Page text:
Catalyser founder Usman Iftikhar has been honoured as the Committee for Sydney’s inaugural Western Sydney Champion.
The awards have been created to recognise people who make Sydney the greatest city in the world across six categories: Global Sydney Culture and Business, Western Sydney Champion, City Visionary, Emerging Leader, and Unsung Hero.
Atlassian co-founders Scott Farquhar & Mike Cannon-Brookes received the Global Sydney Business Award.
The judges, who include Canva co-founder Cameron Adams, former premier Mike Baird and Carnival cruising boss Ann Sherry, were impressed by Iftikhar achievements in the eight years since he arrived in Australia with a masters in engineering.
The Western Sydney Champion Award was designed to recognise a significant contribution to advocating for and advancing Sydney’s engine room in the west, one of the fastest growing and most diverse regions in the state.
Despite his degree, Iftikhar was turned down in hundreds of job applications. So he took matters into his own hand and launched startup pre-accelerator for new migrants and refugees. In just five years, Catalyser has supported 520 migrapreneurs, or high performing migrant and refugee entrepreneurs, to launch 175 enterprises.
“I was doing lots of casual work, like working at BP and 7-Eleven and so on, so I thought why not start my own business,” he said.
“I got this golden insight, if I can solve a problem that I’ve personally faced – well I’m a migrant and I’m trying to start a business, wouldn’t it be amazing if we had an incubator focused on new migrants and refugees.
“What’s amazing about Western Sydney is it’s a melting pot of so many different cultures and peoples, so when we think about entrepreneurship, being based in western Sydney gives you that unique opportunity not only to work with people from different backgrounds but also to try to tackle problems a bit differently.”
Iftikhar said there are so many amazing people in Western Sydney doing fantastic work.
“I’m just grateful to be chosen for this and I’m really stoked and privileged to be winning this Western Sydney Champion award,” he said.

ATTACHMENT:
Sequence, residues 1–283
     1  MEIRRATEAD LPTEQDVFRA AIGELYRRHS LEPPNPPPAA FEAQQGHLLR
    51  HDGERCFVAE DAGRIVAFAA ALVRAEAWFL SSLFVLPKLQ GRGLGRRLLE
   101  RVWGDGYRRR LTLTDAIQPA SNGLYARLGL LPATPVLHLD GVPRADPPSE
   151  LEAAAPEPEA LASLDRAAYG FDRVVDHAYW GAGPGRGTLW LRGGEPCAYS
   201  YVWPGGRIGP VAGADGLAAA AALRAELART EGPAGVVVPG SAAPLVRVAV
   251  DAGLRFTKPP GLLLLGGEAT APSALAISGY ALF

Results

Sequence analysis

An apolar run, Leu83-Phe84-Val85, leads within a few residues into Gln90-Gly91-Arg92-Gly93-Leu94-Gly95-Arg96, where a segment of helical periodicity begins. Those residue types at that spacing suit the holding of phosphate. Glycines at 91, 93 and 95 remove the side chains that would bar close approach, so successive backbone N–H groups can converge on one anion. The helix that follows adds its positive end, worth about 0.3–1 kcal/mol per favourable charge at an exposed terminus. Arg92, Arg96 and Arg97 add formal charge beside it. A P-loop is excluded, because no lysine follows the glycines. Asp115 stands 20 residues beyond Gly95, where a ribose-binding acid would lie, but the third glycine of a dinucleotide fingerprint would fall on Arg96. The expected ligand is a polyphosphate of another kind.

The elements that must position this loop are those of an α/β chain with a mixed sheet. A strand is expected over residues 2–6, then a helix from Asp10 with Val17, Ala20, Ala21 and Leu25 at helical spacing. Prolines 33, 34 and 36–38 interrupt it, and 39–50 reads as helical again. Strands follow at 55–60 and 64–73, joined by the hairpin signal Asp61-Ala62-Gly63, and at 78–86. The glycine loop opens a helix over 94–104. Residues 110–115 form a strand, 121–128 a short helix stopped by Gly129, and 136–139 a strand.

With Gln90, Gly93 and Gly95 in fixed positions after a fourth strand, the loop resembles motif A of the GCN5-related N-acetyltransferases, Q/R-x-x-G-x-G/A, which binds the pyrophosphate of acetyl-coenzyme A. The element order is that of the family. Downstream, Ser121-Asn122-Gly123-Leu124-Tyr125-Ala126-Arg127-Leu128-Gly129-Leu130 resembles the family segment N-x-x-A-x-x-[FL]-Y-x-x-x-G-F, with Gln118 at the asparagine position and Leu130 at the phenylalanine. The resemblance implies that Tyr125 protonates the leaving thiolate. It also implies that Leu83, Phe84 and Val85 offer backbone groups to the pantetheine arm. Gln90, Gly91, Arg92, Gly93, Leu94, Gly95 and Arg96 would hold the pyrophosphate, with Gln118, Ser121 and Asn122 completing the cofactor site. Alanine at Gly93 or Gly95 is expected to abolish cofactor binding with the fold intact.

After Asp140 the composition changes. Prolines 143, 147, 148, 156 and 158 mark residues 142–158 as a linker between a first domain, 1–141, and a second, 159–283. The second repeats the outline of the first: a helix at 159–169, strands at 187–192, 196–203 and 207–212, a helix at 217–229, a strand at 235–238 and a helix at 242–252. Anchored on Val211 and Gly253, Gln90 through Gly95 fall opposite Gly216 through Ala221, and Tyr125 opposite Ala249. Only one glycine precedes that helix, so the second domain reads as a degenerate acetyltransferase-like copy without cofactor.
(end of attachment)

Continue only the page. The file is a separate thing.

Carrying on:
Matt Levinson, director of corporate affairs at the Committee for Sydney, said what Iftikhar has achieved was incredible.
“When you think of Western Sydney and the cultural richness in this part of the world, his work is about opening up opportunities to people of all backgrounds to thrive and succeed,” he said.
“His success shows just how much untapped potential exists in communities across Greater Sydney – it’s what city building is really all about, we’re so thrilled to see him driving this from Sydney’s west.”
Seelan Nayagam, President Asia Pacific at DXC Technology, which sponsored the award, said Iftikhar was a true Western Sydney Champion.
“We congratulate him on winning this inaugural award. Entrpreneurship and innovation has long been at the heart of this incredibly diverse, vibrant region and Usman’s work is playing a pivotal role in supporting new migrants and refugees to succeed,” he said.
The other five award winners are
- Global Sydney Award, Culture: Elizabeth Ann Macgregor, outgoing Director of the Museum of Contemporary Art Australia. Liz Ann secured the financial future of the museum, changed the way Indigenous art is shown around the world, and dramatically increased the museum’s relevance across the city, making MCA the world’s most visited modern art museum.
- City Visionary Award: Romilly Madew, former CEO of the Green Building Council of Australia, and now CEO of Infrastructure Australia. A green building gamechanger, Romilly has been recognised for her pragmatic approach in establishing Australia as a leader on sustainability.
- Unsung Hero Award: Maha Krayem Abdo, founder and CEO, Muslim Women Australia. A strong advocate for the rights of women and particularly Muslim women, Maha is a powerful champion for a unified Sydney, and although she’s well known in certain circles, when you look at the impact she’s had on the city, she’s the essence of unsung.
- Emerging Leader Award – Emily McDaniel, Curator, Writer and Educator and incoming Director, First Nations at the Powerhouse Museum. One of those people we should all watch, Emily’s influence is seen in major public art commissions such as the City of Sydney’s Yananurala harbour walk, in the way people connect with Country, and even in the way the city’s cultural leaders speak about Aboriginal culture.